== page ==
Hercules marks the New York City debut of successful artist, art director, graphic designer, and musician, Emre Yusufi. Combining photographic elements with illustration and digital art, Yusufi mesmerizes audiences with his visually impressive and thematically bold pieces.
By merging elements from assorted time frames, Yusufi highlights the transformation of ideals over time. The Turkish artist’s past works include Return to Innocence, a group of adult portraits altered to feature exaggerated, infant-like facial proportions, and War Animals, which includes daring portrayals of animals as notably historic war participants. His spectacular ability to provoke thought on identity and human nature is apparent in his latest collection of works, Hercules.
The series depicts a traditional statue of Hercules executing a multitude of modern human tasks. By juxtaposing the ancient symbolic figure against current day scenarios, the artist brings into question the roles of heroism, masculinity and perceived godliness in today’s society. Its presentation adheres to a masculine declaration of power, utilizing a variation between spectacular and seemingly benign actions that are consistently presented with grandeur. When he is not posing or performing tremendous displays of ability and athleticism, Hercules can be seen intently reading, listening to music, being tattooed, and participating in everyday tasks which empower people through enhancing intellect, mood, and appearance.
In his pieces, Yusufi incorporates a concoction of strikingly sharp neutral tones, illuminated by rich infusions of vivid color. The balance and intensity of such hues assist in creating a signature, hyper-realistic quality, despite the subject matter’s fictitious nature. The statue’s grey-scale coloration against a boldly pigmented backdrop further enhances the juxtaposed relationship between subject and environment. Although he lacks human flesh, Hercules is far from inanimate, delivering engaging facial expressions and body language, even interacting with humans. His liveliness and real-world participation connect seemingly unreal, godly qualities back to the image of man. Daring contrasts in subject matter, as well as light distribution, vividly highlight the conceptual and compositional features in this captivating collection of imagery. The perspective generated is exquisitely immersive, varying between a level, drastically head-on interaction with the subject, and a lowered view which forces the viewer to quite literally look up to him. Dramatic movement through smoke, splashing water, and beaming lights further assert the artist’s attention to detail in his immaculate executions.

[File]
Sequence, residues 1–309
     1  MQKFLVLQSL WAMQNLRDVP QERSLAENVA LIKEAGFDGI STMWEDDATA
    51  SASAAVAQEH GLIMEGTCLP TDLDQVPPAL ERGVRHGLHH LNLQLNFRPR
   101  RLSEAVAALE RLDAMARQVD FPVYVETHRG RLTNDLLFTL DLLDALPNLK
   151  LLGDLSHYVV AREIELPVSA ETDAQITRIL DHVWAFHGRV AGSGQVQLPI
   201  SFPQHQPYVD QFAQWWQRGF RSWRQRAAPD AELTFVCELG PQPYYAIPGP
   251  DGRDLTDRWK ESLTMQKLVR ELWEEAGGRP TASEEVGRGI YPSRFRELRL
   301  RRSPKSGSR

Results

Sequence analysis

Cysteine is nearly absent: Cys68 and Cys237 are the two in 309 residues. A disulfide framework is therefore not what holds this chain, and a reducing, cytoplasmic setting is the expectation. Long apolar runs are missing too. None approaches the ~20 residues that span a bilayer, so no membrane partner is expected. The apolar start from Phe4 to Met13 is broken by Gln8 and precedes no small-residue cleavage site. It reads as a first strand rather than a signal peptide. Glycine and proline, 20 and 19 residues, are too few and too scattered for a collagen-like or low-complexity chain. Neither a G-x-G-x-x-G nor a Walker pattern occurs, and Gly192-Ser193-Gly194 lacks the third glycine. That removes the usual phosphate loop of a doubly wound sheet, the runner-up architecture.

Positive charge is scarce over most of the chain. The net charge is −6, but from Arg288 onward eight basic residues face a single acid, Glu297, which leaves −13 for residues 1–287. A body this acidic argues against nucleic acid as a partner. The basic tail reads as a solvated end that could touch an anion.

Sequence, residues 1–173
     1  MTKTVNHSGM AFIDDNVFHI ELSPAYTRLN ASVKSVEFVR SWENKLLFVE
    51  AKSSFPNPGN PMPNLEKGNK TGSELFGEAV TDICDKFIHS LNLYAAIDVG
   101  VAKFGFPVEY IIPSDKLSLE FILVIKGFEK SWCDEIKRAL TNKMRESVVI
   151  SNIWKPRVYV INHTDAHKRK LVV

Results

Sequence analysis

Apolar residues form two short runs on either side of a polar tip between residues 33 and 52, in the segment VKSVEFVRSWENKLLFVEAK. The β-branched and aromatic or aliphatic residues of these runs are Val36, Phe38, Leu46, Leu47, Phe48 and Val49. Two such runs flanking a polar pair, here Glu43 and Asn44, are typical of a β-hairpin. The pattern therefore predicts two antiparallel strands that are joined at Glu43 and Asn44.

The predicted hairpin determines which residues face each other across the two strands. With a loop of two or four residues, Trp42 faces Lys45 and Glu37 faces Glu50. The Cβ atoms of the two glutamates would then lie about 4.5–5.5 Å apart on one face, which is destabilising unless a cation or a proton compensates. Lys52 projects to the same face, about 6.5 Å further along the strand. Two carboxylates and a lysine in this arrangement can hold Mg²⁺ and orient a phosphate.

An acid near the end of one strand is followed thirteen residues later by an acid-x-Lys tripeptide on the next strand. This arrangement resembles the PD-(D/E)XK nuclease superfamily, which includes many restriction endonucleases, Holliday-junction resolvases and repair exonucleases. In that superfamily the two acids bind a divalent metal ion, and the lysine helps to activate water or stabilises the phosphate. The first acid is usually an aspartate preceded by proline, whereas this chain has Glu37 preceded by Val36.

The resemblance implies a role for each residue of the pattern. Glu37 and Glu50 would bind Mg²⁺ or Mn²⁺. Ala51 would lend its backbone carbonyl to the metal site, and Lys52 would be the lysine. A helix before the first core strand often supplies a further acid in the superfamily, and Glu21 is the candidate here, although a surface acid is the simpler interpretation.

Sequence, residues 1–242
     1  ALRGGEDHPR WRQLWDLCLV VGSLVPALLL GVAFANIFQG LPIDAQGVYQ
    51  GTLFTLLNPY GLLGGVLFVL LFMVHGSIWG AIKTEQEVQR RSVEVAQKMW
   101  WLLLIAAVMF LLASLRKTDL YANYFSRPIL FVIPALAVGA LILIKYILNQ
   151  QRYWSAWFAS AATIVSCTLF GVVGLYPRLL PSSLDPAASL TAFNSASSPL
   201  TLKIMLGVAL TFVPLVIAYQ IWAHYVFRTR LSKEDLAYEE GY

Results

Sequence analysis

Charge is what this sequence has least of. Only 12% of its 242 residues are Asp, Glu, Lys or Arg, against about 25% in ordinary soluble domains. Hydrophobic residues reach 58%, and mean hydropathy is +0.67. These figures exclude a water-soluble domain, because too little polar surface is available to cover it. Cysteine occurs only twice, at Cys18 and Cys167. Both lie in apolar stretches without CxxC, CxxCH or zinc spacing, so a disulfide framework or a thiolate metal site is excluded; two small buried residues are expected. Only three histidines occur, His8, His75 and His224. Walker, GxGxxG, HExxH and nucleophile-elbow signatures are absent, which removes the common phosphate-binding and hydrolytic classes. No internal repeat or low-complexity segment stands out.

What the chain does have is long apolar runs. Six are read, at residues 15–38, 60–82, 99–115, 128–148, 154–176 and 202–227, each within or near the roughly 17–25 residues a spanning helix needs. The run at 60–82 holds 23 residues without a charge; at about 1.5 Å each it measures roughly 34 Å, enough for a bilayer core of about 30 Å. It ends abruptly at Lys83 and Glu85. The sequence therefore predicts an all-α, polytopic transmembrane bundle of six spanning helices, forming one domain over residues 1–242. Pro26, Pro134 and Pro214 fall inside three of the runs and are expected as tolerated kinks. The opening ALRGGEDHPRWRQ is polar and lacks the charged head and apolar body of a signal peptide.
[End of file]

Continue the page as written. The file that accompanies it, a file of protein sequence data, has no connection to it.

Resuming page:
With its stunning visuals and societal relevance, Hercules immerses the viewer in Yusufi’s striking, yet playful depiction of masculine glory.